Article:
It was bound to happen: Ramaphosa on ANC electoral misfortunes
Corruption, factionalism and internal squabbles 'like there is no tomorrow' were a turn-off for voters, Ramaphosa said at a 'thank you' rally on Monday
ANC president Cyril Ramaphosa said on Monday that the ANC’s plummeting voter support — to less than 50% for the first time since 1994 — was not unexpected given its internal problems and those of its government.
Ramaphosa was addressing ANC volunteers at a “thank you” rally held at the University of Johannesburg's Soweto Campus.
ANC internal squabbles, corruption, factionalism and the dismal performance of ANC-run municipalities pushed voters away from the party.
However, Ramaphosa said, the party was confident that it was not all doom and gloom because millions of voters chose to stay away instead of giving their votes to other parties.
This was a wake-up call to the ANC to get its house in order before it was too late.
“People raised the issues of disunity and factionalism within our own ranks,” said Ramaphosa to thunderous applause.
“They said this is what is eating the ANC away. We fight continuously as if there is no tomorrow. We are not united at leadership level where we fight to the death.
“Sometimes this leads to people dying in our branch meetings and conferences and this is what our people see and they say this is a disunited organisation, why should I support it,” he went on
“People also raised the issue of corruption sharply and the issue of patronage within the ANC itself.
“These are the issues that have had a significant impact of voters’ attitudes towards the organisation.”
It was ANC’s own internal shenanigans that end up affecting its ability to lead properly in government. And voters have had enough of being the collateral damage of the ANC’s internal problems spilling over to government.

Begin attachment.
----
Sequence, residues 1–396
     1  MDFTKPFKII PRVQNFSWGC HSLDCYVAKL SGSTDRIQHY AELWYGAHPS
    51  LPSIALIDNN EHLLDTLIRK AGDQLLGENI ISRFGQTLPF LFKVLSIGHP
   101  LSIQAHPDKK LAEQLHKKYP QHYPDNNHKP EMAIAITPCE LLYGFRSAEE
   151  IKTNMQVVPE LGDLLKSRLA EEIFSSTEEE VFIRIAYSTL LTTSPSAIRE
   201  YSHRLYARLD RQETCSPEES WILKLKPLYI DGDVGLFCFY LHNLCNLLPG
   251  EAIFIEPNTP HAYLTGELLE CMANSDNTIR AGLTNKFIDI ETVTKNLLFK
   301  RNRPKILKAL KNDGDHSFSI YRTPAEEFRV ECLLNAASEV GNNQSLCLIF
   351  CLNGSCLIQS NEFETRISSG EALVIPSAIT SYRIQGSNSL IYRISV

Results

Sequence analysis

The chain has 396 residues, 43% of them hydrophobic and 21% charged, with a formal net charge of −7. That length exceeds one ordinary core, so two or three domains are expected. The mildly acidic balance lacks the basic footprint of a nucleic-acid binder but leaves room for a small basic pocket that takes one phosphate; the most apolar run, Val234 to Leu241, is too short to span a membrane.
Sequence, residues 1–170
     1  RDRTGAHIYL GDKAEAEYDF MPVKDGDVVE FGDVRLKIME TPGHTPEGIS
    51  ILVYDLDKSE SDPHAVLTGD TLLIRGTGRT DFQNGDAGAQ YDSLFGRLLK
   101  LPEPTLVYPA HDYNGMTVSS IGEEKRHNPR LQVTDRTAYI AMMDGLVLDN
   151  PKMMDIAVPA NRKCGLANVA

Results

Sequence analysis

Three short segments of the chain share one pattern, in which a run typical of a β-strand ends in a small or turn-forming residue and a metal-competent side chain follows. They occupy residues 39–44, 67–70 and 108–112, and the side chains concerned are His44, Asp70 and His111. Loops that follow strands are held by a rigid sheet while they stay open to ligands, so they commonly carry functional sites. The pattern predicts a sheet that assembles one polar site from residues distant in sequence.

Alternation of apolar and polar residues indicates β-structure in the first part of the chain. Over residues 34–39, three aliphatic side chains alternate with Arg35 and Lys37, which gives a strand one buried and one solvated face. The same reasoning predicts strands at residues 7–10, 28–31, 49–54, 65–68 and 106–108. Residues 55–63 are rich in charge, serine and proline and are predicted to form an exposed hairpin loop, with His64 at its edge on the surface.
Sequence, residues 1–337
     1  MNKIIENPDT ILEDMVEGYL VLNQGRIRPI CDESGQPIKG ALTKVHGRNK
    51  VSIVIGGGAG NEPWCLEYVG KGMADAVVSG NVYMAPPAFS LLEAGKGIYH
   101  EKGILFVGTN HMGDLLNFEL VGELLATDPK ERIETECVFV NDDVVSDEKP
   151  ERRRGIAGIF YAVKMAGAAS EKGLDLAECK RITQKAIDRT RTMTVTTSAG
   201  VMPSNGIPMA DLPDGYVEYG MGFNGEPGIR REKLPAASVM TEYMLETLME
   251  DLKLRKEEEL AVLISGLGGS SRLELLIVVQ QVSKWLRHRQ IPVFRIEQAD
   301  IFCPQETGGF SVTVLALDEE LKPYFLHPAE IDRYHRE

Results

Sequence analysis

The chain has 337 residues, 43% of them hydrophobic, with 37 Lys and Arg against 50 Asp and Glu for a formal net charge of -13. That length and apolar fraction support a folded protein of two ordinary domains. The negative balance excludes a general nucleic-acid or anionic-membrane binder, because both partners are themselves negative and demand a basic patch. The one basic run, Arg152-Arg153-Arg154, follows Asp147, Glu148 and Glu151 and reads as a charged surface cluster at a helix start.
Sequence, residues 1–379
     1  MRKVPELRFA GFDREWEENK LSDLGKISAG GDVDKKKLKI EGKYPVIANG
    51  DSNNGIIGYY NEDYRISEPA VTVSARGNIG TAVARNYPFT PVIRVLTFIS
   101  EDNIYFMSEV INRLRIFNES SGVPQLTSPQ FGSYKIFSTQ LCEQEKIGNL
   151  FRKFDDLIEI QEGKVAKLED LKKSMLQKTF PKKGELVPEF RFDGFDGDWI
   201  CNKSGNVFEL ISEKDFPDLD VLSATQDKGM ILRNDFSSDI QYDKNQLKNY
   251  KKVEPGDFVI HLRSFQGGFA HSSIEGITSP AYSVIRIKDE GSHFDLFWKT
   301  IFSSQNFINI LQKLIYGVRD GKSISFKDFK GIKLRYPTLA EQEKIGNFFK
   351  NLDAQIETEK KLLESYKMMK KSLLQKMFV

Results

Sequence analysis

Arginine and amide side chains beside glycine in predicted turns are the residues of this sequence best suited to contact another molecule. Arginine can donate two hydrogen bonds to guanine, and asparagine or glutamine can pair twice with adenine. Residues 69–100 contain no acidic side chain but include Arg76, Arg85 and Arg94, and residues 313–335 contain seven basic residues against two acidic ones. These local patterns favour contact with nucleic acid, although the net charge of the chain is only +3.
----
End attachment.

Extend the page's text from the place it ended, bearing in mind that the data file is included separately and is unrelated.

“What is most crucial is the link that our people form between the state of affairs in the ANC and our performance in government at all levels. They look at us and say if this is what is happening at their organisation it speaks for itself that even in government they will not perform well.
“And in many cases, yes, factionalism and our internal fights has an impact on our governance capability because we fight like there is no tomorrow and we forget that we are there to serve the people of SA.”
It was for the declining confidence in the ANC that the party would bring about a new cadre with all those who will be deployed as its mayors and councillors across all municipalities that it has won.
Chief among the change in approach will be the interview process for those ANC members who will stand as mayors.
They should be free of charges of corruption, must be qualified and have an understanding of the workings of local government and possess basic economic skills.
But above all, all ANC deployees at local government, including councillors, will have to sign “deployment contracts” with clear stipulations of what is expected of them in public office.
Said Ramaphosa: “For the first time, all ANC councillors will sign deployment contracts which clearly outline their roles and responsibilities. No ANC councillor will be sworn in, I am talking about the more than 4,500, without entering into a deployment contract and the ANC will recall any councillor who does not honour this contract.
“From the moment that they are elected, to the day they leave office, we expect our councillors to demonstrate that the ANC is committed and able to respond to people’s daily concerns and needs.”